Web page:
In November 2018, when the Blaine Higgs Conservatives added an amendment to the moratorium on fracking to the throne speech, they opened the door for oil and gas exploration in Albert County. The amendment reads as follows:
“We recognize that communities in and around the town of Sussex, including McCully Field and extending southeasterly to the Frederick Brook Shale, where natural gas exploration and production has been safely taking place on leaseholds for close to 20 years, have demonstrated their desire to proceed with shale gas development. We urge the government to take necessary steps to respect the wishes of these specific communities.”
The amendment was passed with the support of the People’s Alliance members, who had pre-election claimed they did not support fracking, but now said it was okay for other ridings. (It must be noted that Hillsborough, Riverside-Albert and Alma village councils have said they do NOT support oil and gas developments in their communities.)
Frederick Brook Shale Play
We don’t often think of the geologic layers beneath our feet, so most may not realize that the Frederick Brook Shale formation extends from west of Sussex, through Penobsquis and Elgin, Turtle Creek, Rosevale and Albert Mines to Hillsborough, as well as parts of Memramcook, Taylor Village, Dover and Saint-Joseph. While it’s a deep formation, there several of these areas where it comes to the surface.
Corridor Resources, which holds leases in the Sussex area, currently has 32 producing gas wells on 11 pads, which it operates seasonally (when gas prices are highest). Since 2003, the province has earned $21.6 million dollars in oil and gas royalties (most years, we earned more in royalties from peat moss). According to the Natural Gas Group website, the company has invested $500M in infrastructure; 25% of this was spent locally.
Should the moratorium be lifted permanently, Corridor has expressed interest in drilling five vertical exploratory wells between Penobquis and Elgin, re-fracturing three existing wells, identifying ‘sweet spots’ and drilling up to five additional horizontal wells. They would need a financing partner, with approximate costs of $70M. As yet, no plan has been identified to deal with the flowback wastewater.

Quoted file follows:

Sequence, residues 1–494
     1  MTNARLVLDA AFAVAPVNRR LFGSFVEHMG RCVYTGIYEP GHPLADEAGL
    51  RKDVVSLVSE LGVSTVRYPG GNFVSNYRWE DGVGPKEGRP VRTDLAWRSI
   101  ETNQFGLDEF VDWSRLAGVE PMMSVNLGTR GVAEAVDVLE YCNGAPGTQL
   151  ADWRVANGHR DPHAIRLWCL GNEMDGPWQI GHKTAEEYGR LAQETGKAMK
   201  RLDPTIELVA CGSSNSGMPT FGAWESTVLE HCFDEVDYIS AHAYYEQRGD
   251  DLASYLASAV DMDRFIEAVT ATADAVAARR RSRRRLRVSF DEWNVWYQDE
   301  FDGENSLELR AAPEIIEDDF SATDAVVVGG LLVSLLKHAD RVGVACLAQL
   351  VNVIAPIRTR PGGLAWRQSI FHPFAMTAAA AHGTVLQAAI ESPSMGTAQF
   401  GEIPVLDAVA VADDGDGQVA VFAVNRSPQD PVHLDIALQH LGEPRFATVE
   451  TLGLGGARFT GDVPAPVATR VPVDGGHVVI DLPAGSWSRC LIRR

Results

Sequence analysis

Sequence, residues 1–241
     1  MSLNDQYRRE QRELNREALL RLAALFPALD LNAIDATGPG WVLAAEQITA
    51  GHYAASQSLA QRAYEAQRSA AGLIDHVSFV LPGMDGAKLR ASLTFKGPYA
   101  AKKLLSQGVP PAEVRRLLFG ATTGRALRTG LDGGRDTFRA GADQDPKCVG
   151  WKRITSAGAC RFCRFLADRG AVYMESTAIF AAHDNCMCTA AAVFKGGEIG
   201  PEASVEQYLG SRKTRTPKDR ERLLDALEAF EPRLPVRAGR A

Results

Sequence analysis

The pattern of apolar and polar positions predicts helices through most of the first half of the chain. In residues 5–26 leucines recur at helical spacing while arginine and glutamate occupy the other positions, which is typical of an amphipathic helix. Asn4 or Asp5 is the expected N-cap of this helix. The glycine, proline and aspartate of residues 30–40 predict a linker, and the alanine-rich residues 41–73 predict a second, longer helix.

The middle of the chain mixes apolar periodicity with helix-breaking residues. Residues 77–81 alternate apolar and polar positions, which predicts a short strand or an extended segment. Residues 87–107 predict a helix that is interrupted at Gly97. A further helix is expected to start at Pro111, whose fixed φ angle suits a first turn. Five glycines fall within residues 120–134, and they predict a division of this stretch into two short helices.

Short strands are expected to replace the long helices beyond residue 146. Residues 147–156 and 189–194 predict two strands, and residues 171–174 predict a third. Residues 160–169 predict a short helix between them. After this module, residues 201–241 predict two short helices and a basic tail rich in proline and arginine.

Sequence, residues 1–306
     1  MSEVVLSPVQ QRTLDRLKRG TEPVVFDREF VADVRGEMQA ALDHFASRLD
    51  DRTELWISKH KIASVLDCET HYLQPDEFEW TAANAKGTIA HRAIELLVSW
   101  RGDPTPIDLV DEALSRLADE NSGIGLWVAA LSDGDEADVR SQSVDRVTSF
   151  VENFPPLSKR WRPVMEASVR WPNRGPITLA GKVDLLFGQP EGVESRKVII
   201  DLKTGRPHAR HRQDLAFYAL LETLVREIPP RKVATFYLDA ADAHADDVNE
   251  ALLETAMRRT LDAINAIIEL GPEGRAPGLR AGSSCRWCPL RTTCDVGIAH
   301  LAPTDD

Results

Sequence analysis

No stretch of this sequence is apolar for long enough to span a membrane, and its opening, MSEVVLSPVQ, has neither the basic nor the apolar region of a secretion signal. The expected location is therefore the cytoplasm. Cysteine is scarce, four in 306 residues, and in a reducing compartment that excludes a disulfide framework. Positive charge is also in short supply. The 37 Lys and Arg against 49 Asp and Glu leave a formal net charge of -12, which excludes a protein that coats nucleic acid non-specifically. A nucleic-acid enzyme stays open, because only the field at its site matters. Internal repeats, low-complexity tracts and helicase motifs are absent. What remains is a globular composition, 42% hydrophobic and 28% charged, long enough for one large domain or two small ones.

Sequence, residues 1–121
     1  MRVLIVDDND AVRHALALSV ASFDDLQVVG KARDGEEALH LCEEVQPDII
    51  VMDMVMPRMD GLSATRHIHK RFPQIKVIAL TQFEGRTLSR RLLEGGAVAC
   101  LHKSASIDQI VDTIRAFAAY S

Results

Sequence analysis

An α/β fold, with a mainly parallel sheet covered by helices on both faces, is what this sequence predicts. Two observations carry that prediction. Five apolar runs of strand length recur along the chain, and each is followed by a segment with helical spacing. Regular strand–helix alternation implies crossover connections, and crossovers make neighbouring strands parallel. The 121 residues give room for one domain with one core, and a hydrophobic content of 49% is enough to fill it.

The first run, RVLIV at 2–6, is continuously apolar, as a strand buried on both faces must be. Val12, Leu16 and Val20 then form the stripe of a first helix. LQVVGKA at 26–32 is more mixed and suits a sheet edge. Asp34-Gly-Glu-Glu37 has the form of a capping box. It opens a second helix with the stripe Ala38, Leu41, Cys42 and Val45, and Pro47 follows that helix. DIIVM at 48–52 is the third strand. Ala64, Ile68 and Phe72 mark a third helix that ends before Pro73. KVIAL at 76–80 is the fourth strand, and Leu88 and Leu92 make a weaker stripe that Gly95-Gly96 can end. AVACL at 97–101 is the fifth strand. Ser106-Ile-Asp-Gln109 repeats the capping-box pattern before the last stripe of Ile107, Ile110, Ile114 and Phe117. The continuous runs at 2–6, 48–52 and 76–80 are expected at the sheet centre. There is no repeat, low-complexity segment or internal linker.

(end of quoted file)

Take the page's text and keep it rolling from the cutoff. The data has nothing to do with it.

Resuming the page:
What this means for Albert County
Corridor envisions the potential for 1400 wells in the FBS. Even a fraction of this would change the landscape from Elgin to Hillsborough into an industrial zone. If the moratorium is lifted, the other Hillsborough area leaseholders (Orlen Upstream and Pieridea Energy) may want to start developing their leases. Pieridea is constructing an LNG export terminal in Goldsboro, NS and their New Brunswick holdings have potential to supply gas for exports. Before the moratorium (and turning their holdings over to Pieridea) Contact Exploration registered an EIA for two exploratory gas wells in the Salem area.
What’s it like to live in a gas field? This Farmington, BC woman explains what it’s like in her rural area.
To determine if your home lies in or near a leased area, visit GNB mapping applications website and choose the Oil and Natural Gas (ONG) Viewer.New Brunswick would have to permit hundreds of wells to be drilled every year for a viable, worthwhile industry. This means Albert County is poised for industrialization. How does this pair with the completion of the Fundy Trail, our status as an eco-tourism destination, part of the Amazing Places network, and the UNESCO designated Fundy Biosphere Reserve? How would this impact existing tourism operators, agriculture producers, outdoor recreation, wildlife, rural living, traffic, highway infrastructure, water supplies?
What does this kind of industrialization look like? The following image is a frack zone near Fox Creek, AB, which has experienced an increasing number of earthquakes related to fracking; it’s approximately the same area as the Albert County image above. The small squares connected by roads and pipelines are well pads, each with multiple wells.
Repeatedly, this government has stated it would lift the moratorium for communities that want it. But we’ve see no effort to accurately and transparently assess community support, or ensure communities have the information they need to make a valued judgement.
Therefore, WEPAC is co-sponsoring a series of information sessions with consulting petroleum geologists, Drs. Bruce and Marian Langhus, and Jim Emberger from the New Brunswick Anti-Shale Gas Alliance. During the presentation, you’ll learn the real process from industry specialists, better understand the impacts on community/climate, assess the benefits, and receive an overview of how the industry is faring in BC, AB and SK. Q&A to follow.
HILLSBOROUGH: Monday, Mar. 25, 6:30-8:30pm, Hillsborough Legion, 31 Legion St.
ELGIN: Tuesday, Mar. 26, 6:30-8:30pm, Elgin Fire Hall, 2 Gowland Mtn Rd
SUSSEX: Wednesday, Mar. 27, 6:30-8:30pm – Sussex Public Library, 46 Magnolia Dr.